Shore to Door is a fish market that also operates as a restaurant on the weekend for lunch. There’s no menu here. Instead, the chef—who might be in the middle of cleaning a fish—will tell you what came in off the boat that morning. It could be fried corvina bites, whole yellowtail snapper, wahoo fish dip, or a dozen other sea creatures. But it will be delicious, and you can eat it in their fantastic backyard, with mismatched furniture and an atmosphere that feels very Key West. If you want a beer, just pop open the cooler and help yourself. But a head’s up: call first to make sure they’re open. We’ve tried to come here before, only to learn that they sold out of seafood the day prior.


As with pretty much all hotel restaurants in South Beach, you can expect higher-than-average prices and a slightly touristy crowd at Osteria Morini. However, it’s still possible to have a very enjoyable meal here, especially if you sit outside. All the outdoor tables are arranged along a narrow little canal that can make you feel like you’re in Venice, if you squint hard and have had more than two negronis. Pasta is the move here, and it’s solid—especially the torcia nera and cappelletti.


Every table at Shuckers is technically an outdoor table because this place doesn’t have walls. And that is a good thing because it’d be a shame to block this good of a waterfront view. A lot of people come here to watch sports, but we go to Shuckers to just stare out into the blue horizon while occasionally breaking eye contact with the ocean to eat a perfectly fine chicken wing or fried calamari.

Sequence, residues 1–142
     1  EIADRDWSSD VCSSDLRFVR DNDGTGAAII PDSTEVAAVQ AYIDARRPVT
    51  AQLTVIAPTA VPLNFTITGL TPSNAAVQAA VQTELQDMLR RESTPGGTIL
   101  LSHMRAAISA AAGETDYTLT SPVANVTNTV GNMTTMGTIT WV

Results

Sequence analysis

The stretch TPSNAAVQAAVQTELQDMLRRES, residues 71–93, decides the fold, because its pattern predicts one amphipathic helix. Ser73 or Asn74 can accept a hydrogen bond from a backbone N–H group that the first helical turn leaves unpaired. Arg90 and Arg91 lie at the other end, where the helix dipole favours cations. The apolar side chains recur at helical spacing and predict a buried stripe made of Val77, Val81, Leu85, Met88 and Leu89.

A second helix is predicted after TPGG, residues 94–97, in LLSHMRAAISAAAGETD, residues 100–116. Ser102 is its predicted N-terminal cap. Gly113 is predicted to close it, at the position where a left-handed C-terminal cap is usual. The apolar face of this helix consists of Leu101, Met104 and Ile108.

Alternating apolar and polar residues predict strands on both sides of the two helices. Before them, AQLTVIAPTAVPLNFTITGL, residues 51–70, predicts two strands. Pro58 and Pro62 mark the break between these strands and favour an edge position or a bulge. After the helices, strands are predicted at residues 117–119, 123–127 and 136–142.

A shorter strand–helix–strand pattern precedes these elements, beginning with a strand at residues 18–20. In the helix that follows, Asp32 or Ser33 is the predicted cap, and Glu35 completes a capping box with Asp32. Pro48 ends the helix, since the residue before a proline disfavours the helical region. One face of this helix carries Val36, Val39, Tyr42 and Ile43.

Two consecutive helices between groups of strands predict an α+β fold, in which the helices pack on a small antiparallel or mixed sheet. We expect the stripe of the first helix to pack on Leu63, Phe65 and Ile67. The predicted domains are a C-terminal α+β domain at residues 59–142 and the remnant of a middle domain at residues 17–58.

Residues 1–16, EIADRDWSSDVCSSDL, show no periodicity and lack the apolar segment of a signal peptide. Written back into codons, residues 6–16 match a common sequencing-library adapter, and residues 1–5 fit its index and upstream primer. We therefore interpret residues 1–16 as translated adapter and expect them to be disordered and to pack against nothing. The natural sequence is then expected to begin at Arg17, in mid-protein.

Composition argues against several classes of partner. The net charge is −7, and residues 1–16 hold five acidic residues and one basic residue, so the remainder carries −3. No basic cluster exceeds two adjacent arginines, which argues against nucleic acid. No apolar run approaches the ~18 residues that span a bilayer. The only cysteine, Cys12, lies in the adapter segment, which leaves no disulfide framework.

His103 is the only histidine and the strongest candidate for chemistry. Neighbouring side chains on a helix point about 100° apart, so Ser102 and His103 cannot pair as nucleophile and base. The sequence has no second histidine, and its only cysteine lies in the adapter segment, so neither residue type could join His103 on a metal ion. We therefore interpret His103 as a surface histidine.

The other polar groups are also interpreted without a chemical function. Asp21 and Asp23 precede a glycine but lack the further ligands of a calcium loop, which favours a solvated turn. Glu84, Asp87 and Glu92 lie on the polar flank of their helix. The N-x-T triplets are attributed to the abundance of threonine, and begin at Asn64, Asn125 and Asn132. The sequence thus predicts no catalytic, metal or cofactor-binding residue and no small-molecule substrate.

Doce Provisions serves Cuban fusion food a block north of Calle Ocho, and their Cuban sandwich and vaca frita tostones are both reason enough to come here if you’re looking for some good food in Little Havana. But if you’re also trying to eat outside, then Doce is absolutely the place to go. They have a very pretty back patio, with string lights, picnic benches underneath a pergola, and some murals you can stare at while you try to decide between the very good Cuban sandwich or fried chicken and plantain waffles.


The food at Lido (mostly seafood and sandwiches) is not as good or as cheap as it should be, but these are the sacrifices we make for one of the best waterfront views you can have while eating an OK $20 cheeseburger. This place is located in The Standard Spa, which means you also have an above-average chance of seeing a celebrity or overhearing a conversation about someone’s recent luxury ayahuasca retreat. But that view from the dockside tables is what really deserves your attention.